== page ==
If there was one go-to guidebook for relationships, you bet most people would commit it to memory. But humans are innately complex, emotional beings with a distinctive combination of chromosomes and experiences that shape how they engage with others. So that step-by-step instruction manual for relationships would have to be about eight billion editable pages—and counting.
A more realistic and manageable way to figure out relationships: learning about your attachment style. Your attachment style is the main character in your personal relationships, and some are easier to understand than others.
Attachment styles have been around since the 1960s, when psychiatrist John Bowlby formulated the theory after studying how infants reacted when separated from their primary caregivers (usually their mothers). He then classified their behaviors into four predominant attachment styles: secure, anxious, avoidant, and fearful avoidant.
For someone with fearful avoidant attachment style (also known simply as "fearful attachment"), relationship anxiety and self-doubt overwhelms and jeopardizes healthy connections with others. But your attachment style doesn't have to define you—and, in fact, can change from an insecure to secure with time and effort. Ahead, experts explain what you need to know about fearful attachment style—and how to heal.
What causes fearful attachment?
Fearful attachment is a subcategory of insecure attachment (along with anxious and avoidant). Most insecure attachment types develop during childhood, although it's possible that your experiences as an adult can impact your attachment style, explains Maggie Holland, MA, MHP, LMHC. People with fearful-avoidant attachment were likely encouraged to be highly independent as a child—to the point of feeling like relationships aren't needed or aren't safe. Maybe parents or guardians were overly strict or dismissive of feelings and physical intimacy. Basically, because a child's emotional and physical needs weren't met, they learned they couldn't depend on relationships.
Any significant experience that left you feeling abandoned or isolated, like watching your parents go through a messy divorce or experiencing your own traumatic breakup, can change the way you relate to others. Even with prior secure attachment, when your core needs are shaken from previous relationships, that affects your behavior and feelings going forward.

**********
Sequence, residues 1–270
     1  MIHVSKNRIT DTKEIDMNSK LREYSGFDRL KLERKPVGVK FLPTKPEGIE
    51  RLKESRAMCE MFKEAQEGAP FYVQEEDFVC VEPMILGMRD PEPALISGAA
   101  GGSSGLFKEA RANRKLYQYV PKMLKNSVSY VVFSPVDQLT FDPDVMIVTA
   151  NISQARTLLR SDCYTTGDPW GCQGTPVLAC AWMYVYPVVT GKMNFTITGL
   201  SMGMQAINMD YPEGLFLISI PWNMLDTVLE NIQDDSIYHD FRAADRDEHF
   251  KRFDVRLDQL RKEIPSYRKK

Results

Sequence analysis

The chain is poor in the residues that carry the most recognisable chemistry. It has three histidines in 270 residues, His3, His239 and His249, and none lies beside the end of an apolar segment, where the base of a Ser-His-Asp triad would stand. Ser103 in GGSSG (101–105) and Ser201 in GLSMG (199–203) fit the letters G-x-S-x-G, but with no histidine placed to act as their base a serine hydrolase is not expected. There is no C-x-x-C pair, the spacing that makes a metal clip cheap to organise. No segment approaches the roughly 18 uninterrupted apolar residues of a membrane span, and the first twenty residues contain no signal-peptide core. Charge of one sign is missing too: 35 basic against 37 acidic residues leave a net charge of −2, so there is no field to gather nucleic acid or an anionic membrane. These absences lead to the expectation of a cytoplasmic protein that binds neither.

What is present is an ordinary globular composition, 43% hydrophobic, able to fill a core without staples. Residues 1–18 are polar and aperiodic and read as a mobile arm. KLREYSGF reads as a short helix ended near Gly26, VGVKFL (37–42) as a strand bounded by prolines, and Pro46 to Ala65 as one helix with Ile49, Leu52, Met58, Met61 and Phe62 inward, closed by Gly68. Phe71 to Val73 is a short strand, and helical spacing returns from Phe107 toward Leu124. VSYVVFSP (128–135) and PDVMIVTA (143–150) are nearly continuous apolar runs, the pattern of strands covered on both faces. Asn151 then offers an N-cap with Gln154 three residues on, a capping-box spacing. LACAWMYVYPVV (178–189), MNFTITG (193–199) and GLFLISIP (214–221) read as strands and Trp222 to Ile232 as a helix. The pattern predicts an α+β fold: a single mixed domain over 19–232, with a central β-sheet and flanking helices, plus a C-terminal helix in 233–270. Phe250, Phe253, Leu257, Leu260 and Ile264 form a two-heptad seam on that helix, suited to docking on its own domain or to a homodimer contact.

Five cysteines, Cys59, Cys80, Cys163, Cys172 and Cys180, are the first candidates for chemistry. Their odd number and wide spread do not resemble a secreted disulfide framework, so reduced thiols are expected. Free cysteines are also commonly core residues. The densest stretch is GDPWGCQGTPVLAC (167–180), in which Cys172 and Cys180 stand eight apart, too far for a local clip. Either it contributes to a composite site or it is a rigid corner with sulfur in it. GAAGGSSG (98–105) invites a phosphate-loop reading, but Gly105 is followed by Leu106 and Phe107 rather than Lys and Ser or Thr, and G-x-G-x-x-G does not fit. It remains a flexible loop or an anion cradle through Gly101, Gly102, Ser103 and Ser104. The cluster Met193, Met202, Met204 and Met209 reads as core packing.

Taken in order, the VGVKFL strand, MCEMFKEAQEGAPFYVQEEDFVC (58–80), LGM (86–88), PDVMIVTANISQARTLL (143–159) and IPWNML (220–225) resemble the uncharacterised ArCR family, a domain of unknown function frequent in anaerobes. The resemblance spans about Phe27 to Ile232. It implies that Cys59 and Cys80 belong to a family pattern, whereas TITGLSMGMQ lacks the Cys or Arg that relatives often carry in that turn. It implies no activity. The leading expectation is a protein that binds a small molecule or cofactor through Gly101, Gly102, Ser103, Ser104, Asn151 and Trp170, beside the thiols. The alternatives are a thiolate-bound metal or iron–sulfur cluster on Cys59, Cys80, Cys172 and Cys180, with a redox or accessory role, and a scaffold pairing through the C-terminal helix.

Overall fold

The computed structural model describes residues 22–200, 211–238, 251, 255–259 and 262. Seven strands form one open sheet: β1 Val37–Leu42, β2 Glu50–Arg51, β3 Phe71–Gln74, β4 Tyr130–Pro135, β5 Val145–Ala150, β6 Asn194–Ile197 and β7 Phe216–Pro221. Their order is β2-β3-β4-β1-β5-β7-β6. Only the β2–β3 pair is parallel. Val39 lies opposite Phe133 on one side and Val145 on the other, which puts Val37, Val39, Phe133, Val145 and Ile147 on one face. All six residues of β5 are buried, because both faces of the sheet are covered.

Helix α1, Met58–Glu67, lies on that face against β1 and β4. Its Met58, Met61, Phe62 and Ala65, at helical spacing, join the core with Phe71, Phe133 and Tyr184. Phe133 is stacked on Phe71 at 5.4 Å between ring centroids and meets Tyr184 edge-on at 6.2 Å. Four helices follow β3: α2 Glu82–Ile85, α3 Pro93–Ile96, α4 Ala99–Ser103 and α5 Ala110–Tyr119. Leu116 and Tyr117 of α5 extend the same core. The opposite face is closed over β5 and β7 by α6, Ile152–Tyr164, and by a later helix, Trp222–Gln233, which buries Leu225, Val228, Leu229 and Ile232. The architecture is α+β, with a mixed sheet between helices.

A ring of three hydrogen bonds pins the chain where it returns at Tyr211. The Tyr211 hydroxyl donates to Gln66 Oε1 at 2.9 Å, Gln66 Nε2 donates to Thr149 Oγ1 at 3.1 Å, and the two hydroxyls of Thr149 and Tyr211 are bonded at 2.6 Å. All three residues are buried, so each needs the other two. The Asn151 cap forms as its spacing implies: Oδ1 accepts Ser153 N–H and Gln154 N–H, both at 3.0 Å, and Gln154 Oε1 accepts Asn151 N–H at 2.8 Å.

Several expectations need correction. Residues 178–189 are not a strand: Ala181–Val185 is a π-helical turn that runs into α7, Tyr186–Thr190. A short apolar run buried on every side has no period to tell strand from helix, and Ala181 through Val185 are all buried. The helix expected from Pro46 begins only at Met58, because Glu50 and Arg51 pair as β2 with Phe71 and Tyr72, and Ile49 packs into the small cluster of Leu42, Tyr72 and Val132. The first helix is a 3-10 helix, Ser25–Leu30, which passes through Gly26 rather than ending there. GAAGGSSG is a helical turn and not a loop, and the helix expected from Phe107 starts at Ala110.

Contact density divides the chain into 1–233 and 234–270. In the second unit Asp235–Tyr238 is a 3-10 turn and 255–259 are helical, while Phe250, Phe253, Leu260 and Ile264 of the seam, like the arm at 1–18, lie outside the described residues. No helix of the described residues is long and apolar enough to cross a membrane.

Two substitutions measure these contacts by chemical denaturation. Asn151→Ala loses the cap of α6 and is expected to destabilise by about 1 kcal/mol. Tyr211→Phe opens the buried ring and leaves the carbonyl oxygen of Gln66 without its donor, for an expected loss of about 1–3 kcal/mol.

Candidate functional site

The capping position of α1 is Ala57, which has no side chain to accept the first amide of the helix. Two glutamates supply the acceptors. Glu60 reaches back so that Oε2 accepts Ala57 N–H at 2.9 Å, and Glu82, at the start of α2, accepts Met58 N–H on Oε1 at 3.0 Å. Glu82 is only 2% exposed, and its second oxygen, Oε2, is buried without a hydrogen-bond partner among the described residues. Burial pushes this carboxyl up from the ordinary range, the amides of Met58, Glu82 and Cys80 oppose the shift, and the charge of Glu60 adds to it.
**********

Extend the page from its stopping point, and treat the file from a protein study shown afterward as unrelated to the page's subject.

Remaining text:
What are people with fearful avoidant attachment style afraid of?
While it's impossible to generalize, on a fundamental level, people with fearful avoidant attachment tend to fear rejection. Humans are naturally social beings and crave connection with others, but those with fearful attachment learned during childhood that they cannot depend on those connections to take care of them. "Fearful-avoidant attachment tells a person that their needs are not worthy of being met, and people will let them down," says Holland. "So they often withdraw from connection to protect themselves from rejection."
Scared of feeling alone but hesitant to form a close relationship, fearful avoidant people oftentimes have a history where attachment is broken, usually stemming from childhood experiences of neglect or any kind of volatile relationship, says Silvi Saxena, MBA, MSW, LSW, CCTP, OSW-C.
What do those with fearful avoidant attachment want?
"People with a fearful attachment style have the same basic need that all humans do—to connect and form deep bonds that create a feeling of safety and security," says Dr. Krista Jordan, PhD, a psychotherapist in Austin, Texas.
Fulfillment in close, stable relationships with friends and a romantic partner(s) is the goal, but those with fearful avoidant attachment have learned that having needs and wants that involve other people always ends in being dismissed, feeling unseen, and getting rejected. So, when a connection becomes too close, it feels dangerous, says Holland. "That doesn't mean they don't want them, it just means that they have been taught that relationships can be a source of pain," she adds.
What is fearful attachment in adults?